The secret recipe for success in the stock market is simple: 30% in market analysis skills, 30% in risk management, 30% in emotion control and 10% in luck. – Benjamin Lee
The stock market began the month of September on an inauspicious note after release of the August employment report and all three major stock averages posted losses for the week. The S&P 500 Index closed lower for the third consecutive week with a loss of 3.3% while the technology-heavy Nasdaq Composite Index dropped 4.2% as higher interest rates took their toll on high-priced growth stocks. After a promising first half performance in the month of August which saw the S&P 500 rally on the expectation that inflation had peaked, the benchmark index reversed course and relinquished those gains in the second half as the Federal Reserve reiterated its commitment to bring down inflation by tightening monetary policy further. Friday’s release of the August employment report initially was viewed favorably by investors as 315,000 new jobs were added, slightly more than expected but far less than the 528,000 jobs that were created in July. The unemployment rate also edged higher to 3.7% from 3.5% and wages grew less than forecast, suggesting to investors that the Federal Reserve might not be as aggressive in hiking interest rates. While the stock market rose after the report was released, the gains turned to losses as the realization set in that wage growth was still high and that the job numbers, though far fewer than in July, were still considered strong. For this reason, the expectation for a 75-basis point (a basis point is one hundredth of one percent) is once again more likely when the Fed meets later this month. Bond yields also reflected this thinking as the 2-year Treasury yield rose to 3.40%, its highest level since November 2007, while the 10-year Treasury yield jumped to 3.19%. Higher interest rates are definitely a headwind for stocks, but as the second quarter earnings season winds down, S&P 500 companies are on track to post profit growth of nearly 9% despite a slowing economy, high inflation, ongoing global supply chain disruptions and a surging U.S. dollar.
Other jobs-related data last week was mixed as ADP reported private payrolls in August grew by only 132,000, down from 270,000 in July and below estimates of 300,000, while weekly jobless claims fell to 232,000, a decline of 5,000 from the previous week and lower than expected. The Job Openings and Labor Turnover Survey (JOLTs) showed that there were 11.24 million job openings in July, much higher than expected and nearly double the number of available workers of 5.67 million, a sign that is inflationary as employers are forced to offer higher wages to attract workers. The S&P CoreLogic Case-Shiller Index showed that home prices were nearly 20% higher in June than during the same month last year while another report showed that home prices declined 1% from June to July, the first monthly decline in almost three years. The consumer confidence index in August was much higher than in July and was the first gain in four months.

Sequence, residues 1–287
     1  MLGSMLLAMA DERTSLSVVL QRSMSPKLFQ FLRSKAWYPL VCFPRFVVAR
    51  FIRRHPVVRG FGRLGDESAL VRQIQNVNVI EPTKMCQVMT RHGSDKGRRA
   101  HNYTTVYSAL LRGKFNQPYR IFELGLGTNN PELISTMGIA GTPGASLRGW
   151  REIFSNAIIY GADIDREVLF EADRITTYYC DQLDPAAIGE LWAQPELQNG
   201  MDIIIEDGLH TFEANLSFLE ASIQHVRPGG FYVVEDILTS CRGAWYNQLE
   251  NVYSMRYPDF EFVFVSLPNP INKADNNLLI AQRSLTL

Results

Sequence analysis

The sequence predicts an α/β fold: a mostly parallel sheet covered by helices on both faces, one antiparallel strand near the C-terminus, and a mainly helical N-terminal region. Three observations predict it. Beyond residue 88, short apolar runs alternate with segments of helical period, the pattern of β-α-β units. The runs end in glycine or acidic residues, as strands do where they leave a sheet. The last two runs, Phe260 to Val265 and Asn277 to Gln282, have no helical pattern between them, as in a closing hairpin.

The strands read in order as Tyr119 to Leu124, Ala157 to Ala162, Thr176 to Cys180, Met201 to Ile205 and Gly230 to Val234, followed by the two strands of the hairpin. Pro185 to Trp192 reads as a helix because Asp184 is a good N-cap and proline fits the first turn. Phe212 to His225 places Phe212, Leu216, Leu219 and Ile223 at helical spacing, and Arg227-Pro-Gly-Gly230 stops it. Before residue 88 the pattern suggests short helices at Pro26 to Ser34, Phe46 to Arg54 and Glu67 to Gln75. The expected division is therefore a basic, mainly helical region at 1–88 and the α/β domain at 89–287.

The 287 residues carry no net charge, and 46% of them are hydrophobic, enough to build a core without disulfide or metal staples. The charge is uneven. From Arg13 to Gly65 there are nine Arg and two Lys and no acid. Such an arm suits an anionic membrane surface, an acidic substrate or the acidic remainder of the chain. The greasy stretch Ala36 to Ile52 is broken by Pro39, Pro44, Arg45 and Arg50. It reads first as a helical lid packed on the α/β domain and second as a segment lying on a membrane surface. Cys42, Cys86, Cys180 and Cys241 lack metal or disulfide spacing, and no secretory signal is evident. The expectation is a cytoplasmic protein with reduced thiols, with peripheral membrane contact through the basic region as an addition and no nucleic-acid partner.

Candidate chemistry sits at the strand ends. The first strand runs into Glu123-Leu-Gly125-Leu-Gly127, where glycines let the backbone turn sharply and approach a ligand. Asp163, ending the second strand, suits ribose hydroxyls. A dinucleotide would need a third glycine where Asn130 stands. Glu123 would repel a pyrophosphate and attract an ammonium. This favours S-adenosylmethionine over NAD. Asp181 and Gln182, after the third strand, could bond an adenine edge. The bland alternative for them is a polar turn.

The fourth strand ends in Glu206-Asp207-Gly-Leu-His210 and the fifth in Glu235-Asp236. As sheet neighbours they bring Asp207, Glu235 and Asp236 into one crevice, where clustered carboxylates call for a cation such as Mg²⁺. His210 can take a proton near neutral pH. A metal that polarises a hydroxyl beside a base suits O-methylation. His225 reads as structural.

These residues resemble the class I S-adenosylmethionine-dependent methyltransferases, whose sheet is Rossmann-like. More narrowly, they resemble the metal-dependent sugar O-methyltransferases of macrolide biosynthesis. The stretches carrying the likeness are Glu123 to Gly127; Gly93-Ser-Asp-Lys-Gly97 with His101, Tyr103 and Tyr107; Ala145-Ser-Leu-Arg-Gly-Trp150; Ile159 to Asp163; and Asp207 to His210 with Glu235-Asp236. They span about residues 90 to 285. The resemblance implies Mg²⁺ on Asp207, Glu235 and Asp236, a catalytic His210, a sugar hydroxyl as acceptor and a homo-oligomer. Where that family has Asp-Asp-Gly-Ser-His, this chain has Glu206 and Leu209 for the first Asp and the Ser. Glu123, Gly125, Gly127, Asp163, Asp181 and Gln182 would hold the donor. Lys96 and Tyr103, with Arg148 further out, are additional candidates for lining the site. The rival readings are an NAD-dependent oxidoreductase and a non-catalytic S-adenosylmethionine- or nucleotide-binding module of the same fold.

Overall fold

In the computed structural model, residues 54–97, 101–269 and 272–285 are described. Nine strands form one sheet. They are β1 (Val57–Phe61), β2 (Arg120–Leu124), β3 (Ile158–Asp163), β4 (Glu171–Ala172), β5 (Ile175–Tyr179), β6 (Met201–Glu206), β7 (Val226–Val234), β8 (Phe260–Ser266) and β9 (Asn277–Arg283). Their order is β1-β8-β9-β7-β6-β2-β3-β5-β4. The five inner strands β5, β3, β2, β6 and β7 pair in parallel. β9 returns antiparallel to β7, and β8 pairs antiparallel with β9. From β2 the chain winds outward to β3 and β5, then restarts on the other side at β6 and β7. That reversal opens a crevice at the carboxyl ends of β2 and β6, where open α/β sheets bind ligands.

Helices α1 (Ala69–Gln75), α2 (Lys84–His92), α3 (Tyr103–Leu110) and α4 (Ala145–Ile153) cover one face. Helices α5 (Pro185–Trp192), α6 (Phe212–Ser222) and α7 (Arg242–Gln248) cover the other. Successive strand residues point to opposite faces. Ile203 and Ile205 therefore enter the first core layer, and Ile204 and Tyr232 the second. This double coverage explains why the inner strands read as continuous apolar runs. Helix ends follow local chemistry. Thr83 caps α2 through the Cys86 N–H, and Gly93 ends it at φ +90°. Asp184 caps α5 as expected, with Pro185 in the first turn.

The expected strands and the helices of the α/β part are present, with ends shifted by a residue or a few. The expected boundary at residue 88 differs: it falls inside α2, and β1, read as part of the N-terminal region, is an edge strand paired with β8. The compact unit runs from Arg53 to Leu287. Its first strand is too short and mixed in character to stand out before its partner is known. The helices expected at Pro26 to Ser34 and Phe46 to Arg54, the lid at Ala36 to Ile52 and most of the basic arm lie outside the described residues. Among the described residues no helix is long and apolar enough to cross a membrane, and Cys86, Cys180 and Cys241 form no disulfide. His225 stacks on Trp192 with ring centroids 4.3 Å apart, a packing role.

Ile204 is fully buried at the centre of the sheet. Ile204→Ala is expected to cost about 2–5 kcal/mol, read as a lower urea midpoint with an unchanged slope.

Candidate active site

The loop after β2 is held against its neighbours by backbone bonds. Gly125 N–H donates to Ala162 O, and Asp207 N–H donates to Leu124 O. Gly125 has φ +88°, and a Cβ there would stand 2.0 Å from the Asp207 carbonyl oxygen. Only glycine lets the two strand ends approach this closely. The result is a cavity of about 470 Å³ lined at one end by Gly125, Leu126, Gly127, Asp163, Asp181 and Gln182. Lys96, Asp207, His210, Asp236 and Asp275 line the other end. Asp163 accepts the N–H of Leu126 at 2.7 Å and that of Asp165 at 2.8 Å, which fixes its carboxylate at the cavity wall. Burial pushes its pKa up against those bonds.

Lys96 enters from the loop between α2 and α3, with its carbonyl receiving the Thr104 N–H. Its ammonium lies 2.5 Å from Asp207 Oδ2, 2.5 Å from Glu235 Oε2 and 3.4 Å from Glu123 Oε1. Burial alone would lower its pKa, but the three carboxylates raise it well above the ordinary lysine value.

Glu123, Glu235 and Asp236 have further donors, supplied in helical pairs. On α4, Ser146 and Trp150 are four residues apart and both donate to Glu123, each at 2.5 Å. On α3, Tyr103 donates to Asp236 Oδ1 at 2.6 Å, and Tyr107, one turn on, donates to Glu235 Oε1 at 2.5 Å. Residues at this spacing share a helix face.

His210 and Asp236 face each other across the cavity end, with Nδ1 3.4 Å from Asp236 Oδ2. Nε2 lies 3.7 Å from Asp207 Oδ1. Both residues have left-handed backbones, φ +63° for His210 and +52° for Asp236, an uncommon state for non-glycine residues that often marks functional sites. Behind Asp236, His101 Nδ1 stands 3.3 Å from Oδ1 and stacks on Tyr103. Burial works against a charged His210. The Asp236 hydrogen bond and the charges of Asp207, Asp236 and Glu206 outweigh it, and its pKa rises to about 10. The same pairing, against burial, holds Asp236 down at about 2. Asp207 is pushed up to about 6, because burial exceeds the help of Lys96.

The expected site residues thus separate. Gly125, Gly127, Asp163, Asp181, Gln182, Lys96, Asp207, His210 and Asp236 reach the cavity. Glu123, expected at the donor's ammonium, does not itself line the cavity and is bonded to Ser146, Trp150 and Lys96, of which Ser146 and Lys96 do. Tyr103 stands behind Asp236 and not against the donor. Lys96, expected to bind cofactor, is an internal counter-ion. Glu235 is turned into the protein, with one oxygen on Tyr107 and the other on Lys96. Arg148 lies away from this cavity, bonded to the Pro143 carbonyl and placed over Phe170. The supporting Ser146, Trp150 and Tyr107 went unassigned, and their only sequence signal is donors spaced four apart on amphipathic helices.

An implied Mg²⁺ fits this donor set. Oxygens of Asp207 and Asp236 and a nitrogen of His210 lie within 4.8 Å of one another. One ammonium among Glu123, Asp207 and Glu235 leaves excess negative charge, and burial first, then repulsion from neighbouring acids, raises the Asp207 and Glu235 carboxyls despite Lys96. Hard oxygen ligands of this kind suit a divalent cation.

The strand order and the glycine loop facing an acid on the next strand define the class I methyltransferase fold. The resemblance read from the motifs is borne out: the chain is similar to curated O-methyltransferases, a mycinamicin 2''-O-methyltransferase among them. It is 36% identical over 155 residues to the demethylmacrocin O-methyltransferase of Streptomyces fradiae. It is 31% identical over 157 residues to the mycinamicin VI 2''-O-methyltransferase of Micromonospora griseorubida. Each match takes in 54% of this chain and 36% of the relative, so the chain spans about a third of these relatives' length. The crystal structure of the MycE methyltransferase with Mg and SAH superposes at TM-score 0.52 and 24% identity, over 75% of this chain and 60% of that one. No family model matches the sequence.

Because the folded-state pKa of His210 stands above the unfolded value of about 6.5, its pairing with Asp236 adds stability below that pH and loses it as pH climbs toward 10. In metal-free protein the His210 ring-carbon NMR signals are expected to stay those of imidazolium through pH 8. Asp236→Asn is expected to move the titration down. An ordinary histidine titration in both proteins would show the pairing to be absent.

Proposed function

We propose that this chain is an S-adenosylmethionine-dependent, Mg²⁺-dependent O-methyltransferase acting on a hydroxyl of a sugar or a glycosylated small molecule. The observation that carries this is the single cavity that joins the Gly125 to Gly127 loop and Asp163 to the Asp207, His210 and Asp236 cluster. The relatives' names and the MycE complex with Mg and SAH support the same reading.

For the week, the Dow Jones Industrial Average declined 3.0% to close at 31,318 while the S&P 500 Index fell 3.3% to close at 3,924. The Nasdaq Composite Index dropped 4.2% to close at 11,630.
The ISM services sector Purchasing Manager’s Index (PMI) for August is expected to be lower than in July but still above the expansionary level of 50. The Federal Reserve releases its Beige Book, which summarizes the current economic conditions of the 12 regional Federal Reserve districts.
The European Central Bank (ECB) is expected to raise its key benchmark interest rate by 75 basis points from zero to 0.75%. The rate has not been above zero in 10 years.
The only notable companies scheduled to report second quarter earnings this week are Casey’s General Stores, GameStop, Kroger and DocuSign.
Even though the number of jobs created in August was far less than in July, the data was still considered strong enough for the Federal Reserve to continue its restrictive policies to combat inflation. The employment report also raises questions as to whether or not the U.S. economy is headed for a recession. The traditional definition of a recession is two consecutive quarters of negative GDP. First quarter GDP declined by 1.6% and second quarter GDP fell by 0.9%, meeting the requirements for a recession. However, the National Bureau of Economic Research is responsible for officially declaring if the U.S. economy is in a recession and it uses a number of factors in making its decision. Among these are the jobs data, the number of job openings, the unemployment rate, real household income and spending and industrial production. None of these factors are pointing to a recession at this time and consumer spending has remained fairly strong as household savings grew during the pandemic. Of concern in this tight labor market where job openings far exceed the number of available workers is the decline in real wages due to high inflation. The current economic environment of slow or stagnant growth and high inflation is reminiscent of the 1970s, a period that was characterized by stagflation. But the big difference between then and now is that the job market continues to be strong and unemployment remains low. The odds of a recession occurring when the labor market remains this strong are slim. Other factors such as the Covid-19 pandemic, high energy prices, the war in Ukraine and the trend away from globalization complicate matters and make predicting a recession that much more difficult.